None of these claims are true, and that is why the charges lack specifics of any kind. But the charges are “out there” are likely to stick because so many Americans have ugly feelings about the poor and minorities. In a timed of multiple crises and insecurity, many people feel better about themselves when they can contrast their virtuous selves with those they think are trying to game the system. Or, as Romney said about some blacks who did not warm to his message, they want to “get free stuff” from the government.
We are no longer a Puritan nation, except in one respect. We work longer and harder than most other peoples, and we are very much into the Protestant work ethic. Sociological studies show that the more we buy the Protestant ethic, the more likely we are to harbor prejudice against minorities and the poor. Similarly, the strong believers in the work ethic are more likely to oppose welfare and even the social safety net. This is one reason why so many oppose Affordable Care; they cannot handle the idea that the poor and minorities might benefit.
Of course, the Protestant Work Ethic has been blended with Social Darwinism, and a truly ugly cocktail has emerged. The latter postulates that people on the bottom of society are there because they are lazy and incompetent. Related to this belief is the revived notion that these people do not deserve the right to vote. It is astonishing that most Americans seem to accept the new vote suppression measures. If you ask a supporter why, he will say these people are too lazy to vote and that it is very simple to meet the new registration requirements. No amount of information will persuade him otherwise.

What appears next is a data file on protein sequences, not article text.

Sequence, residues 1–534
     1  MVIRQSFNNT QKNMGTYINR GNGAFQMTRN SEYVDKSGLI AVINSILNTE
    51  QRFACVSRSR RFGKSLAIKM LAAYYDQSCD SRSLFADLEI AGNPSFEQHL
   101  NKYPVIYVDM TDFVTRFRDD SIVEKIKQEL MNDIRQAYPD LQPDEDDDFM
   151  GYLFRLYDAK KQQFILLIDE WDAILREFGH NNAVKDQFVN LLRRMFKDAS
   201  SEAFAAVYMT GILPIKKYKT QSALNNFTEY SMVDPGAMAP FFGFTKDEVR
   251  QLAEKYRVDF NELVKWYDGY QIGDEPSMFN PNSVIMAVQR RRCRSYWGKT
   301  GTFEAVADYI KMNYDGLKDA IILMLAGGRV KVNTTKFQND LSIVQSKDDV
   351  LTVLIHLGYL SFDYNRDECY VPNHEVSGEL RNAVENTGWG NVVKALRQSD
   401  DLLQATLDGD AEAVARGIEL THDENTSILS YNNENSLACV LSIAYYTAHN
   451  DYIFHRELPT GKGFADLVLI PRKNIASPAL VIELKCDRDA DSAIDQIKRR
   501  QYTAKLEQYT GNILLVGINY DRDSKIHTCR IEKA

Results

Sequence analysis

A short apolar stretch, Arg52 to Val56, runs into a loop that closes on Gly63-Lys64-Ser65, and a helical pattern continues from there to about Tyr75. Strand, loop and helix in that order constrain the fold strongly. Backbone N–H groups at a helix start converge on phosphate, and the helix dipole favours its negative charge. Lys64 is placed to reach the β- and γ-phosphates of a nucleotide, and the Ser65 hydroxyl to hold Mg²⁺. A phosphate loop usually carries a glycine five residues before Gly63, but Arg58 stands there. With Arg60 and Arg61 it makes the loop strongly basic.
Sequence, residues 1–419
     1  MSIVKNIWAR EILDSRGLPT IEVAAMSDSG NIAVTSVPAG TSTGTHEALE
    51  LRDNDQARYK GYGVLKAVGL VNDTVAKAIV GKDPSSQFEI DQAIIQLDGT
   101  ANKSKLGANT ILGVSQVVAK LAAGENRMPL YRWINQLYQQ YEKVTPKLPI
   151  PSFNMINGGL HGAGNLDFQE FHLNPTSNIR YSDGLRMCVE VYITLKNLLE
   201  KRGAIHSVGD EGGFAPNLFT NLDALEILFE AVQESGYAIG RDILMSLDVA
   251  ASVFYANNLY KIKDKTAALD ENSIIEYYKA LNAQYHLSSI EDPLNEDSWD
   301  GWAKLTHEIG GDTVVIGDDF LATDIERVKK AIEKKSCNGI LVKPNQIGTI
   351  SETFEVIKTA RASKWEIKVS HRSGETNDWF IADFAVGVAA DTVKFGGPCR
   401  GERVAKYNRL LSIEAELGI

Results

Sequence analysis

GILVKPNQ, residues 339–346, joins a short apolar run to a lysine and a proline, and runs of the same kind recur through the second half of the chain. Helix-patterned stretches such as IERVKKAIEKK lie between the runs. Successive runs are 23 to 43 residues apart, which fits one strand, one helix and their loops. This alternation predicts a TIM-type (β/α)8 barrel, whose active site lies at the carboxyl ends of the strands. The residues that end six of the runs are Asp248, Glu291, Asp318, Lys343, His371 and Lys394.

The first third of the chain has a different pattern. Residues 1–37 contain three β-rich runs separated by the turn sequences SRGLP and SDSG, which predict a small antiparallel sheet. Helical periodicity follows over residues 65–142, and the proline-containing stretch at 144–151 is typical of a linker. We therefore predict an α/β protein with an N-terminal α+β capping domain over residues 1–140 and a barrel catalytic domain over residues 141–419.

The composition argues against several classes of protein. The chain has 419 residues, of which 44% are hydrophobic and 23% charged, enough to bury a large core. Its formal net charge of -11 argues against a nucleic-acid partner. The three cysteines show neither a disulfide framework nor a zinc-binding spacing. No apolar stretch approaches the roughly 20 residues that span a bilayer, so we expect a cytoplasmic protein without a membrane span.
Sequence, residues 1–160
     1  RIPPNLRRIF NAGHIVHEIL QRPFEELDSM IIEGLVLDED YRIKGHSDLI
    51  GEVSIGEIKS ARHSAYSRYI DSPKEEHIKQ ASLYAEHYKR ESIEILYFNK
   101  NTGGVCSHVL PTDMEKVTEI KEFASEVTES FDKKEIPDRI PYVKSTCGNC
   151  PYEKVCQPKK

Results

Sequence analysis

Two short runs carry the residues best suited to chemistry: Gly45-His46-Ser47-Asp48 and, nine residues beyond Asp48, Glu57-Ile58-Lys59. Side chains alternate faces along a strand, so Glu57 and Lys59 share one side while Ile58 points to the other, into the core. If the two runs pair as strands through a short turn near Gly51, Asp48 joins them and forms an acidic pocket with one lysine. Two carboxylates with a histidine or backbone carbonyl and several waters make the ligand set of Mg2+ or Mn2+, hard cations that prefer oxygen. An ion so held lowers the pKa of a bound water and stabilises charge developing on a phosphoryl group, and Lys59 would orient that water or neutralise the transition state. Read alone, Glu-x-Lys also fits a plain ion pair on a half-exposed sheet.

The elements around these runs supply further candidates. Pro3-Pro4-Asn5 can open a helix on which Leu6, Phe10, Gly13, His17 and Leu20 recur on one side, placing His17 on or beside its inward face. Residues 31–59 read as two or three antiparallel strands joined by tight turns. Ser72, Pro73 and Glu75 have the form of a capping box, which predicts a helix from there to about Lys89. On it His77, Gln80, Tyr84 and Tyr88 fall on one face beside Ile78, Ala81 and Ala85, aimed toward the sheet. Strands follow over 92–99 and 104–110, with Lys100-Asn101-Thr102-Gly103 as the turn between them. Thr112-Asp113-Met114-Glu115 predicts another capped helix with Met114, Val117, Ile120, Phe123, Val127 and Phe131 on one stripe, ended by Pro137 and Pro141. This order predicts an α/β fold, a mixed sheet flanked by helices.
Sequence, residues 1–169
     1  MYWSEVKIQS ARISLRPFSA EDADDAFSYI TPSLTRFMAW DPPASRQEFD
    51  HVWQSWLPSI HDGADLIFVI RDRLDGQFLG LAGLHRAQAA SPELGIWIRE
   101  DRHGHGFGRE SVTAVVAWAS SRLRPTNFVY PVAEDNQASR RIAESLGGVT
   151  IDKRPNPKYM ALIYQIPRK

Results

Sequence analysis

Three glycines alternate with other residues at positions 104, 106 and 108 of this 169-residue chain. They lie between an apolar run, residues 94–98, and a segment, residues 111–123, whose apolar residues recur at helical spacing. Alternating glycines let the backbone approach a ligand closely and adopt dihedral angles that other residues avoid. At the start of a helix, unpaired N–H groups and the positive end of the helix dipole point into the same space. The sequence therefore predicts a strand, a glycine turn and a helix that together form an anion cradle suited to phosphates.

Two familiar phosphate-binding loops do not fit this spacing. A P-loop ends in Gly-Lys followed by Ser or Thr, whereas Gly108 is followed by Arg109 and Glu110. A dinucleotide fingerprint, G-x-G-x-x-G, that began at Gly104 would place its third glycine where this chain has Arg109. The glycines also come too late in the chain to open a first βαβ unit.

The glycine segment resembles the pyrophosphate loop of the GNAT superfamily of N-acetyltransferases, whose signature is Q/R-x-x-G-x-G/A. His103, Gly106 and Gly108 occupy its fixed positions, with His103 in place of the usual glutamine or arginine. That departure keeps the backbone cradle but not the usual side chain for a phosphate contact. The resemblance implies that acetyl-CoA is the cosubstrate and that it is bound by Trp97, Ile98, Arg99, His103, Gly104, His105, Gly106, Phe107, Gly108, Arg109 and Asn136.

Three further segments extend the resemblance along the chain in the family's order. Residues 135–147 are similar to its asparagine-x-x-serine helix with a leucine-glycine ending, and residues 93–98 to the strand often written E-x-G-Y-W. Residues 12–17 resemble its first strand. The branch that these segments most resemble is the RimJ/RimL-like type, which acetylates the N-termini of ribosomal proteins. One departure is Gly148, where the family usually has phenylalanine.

Social Darwinism has become so strong that it is impossible to have an honest discussion of so-called welfare reform. Since 1996, it has made it possible to slash the welfare rolls by half. It has also brought down the wages of many other Americans who have had to compete with people who had no choice but to work for whatever was offered them. Welfare reform is tied to block grants which do not increase annually with the rate of inflation. The result is that the sates find ways to take more and more people off the rolls. This is the same approach that is being envisioned for the rapid reduction of Medicaid costs.
Ruth Conniff recently wrote about the "Rich-Poor Alliance" in The Progressive. She noted that the ten poorest counties in Wisconsin strongly supported the retention of rightist Governor Scott Walker. The working poor and many in the middle class look down on those below them. They see themselves as virtuous, hard workers. They usually are. But they somehow think that if less were done for the poor that they would thrive.